For Immediate Release: January 21, 2014
For Immediate Release: August 8, 2012
Research & Action Report, Spring/Summer 2012
Wellesley Centers for Women research and action initiatives are funded primarily by federal, state, and corporate grants and contracts. Several new and continuing projects received funding over the past six months.
Commentary by Michelle Porche, Ed.D., Senior Research Scientist at the Wellesley Centers for Women, and Lisa R. Fortuna, M.D., MPH., Assistant Professor of Psychiatry, University of Massachusetts Medical School.
Michelle Porche, Ed.D., a senior research scientist at Wellesley Centers for Women (WCW), studies academic achievement in literacy and science among young children and adolescents. She is especially interested in the influence of gender and socioemotional factors on the academic achievement of children from low-income families. More recently she has expanded her work to study the impact of trauma on learning and achievement. In addition to work at WCW, Porche spent ten years as a researcher on the longitudinal Home-School Study of Language and Literacy Development at the Harvard University Graduate School of Education, where she received her doctorate. She is co-author of Is Literacy Enough? Pathways to Academic Achievement for Adolescents, which describes findings from the Home-School Study. In 2002 she was a corecipient of the International Reading Association’s Albert J. Harris Award for contributions in literacy research.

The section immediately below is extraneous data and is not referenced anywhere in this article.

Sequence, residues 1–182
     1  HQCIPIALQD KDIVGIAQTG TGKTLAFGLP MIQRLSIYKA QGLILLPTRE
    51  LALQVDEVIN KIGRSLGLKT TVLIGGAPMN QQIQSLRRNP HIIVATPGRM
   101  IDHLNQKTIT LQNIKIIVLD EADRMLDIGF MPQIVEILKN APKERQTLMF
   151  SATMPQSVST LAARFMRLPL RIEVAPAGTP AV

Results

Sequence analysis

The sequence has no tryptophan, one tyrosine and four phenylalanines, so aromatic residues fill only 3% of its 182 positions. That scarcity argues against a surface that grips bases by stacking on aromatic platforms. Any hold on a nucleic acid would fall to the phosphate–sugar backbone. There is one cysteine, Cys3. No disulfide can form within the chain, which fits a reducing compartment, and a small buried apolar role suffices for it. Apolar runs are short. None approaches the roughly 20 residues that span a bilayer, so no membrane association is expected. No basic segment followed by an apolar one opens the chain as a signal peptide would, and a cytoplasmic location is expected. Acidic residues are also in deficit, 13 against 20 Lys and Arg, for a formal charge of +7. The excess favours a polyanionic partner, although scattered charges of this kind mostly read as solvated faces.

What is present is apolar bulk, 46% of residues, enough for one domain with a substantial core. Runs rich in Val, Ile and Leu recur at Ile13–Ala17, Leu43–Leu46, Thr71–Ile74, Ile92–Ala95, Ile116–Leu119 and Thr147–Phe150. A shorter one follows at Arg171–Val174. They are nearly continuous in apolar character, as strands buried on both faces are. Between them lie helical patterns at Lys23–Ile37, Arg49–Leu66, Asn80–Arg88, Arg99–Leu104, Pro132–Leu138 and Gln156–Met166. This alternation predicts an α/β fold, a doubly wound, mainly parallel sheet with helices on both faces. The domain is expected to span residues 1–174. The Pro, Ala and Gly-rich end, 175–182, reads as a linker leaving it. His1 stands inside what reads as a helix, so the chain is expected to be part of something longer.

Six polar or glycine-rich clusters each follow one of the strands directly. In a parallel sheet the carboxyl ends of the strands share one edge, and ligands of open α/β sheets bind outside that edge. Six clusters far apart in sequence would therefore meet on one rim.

The Boston Sunday Globe
May 24, 2009
Two years ago, scholars at the Wellesley Centers for Women (WCW) launched a study of racial and ethnic identification among adolescents of mixed ancestry. The reasons for pursuing the research were several. Most literature about ethnic/racial self-identification patterns derived from adult respondents. For example, the series of studies that led to the change in wording of racial self-identification in the 2000 Census was carried out with adults.
Is Literacy Enough?, which we co-authored with Catherine Snow and Patton Tabors, we explore the continuities and discontinuities of early literacy skills on adolescent achievement. In this book, we describe the original 83 low-income students who began participating in the Home-School Study of Language and Literacy Development at the age of 3, and we conclude with the outcomes for the 47 participants who continued in the study until they reached young adulthood. When this study began, Dr. Snow, the Principal Investigator, set a groundbreaking path into the importance of language as a foundation of early literacy. Results from this study have influenced conceptual and practical approaches to early reading instruction, helping to set national standards. At the end of the 16-year study many hypotheses were borne out, even as new questions were generated about our most vulnerable children.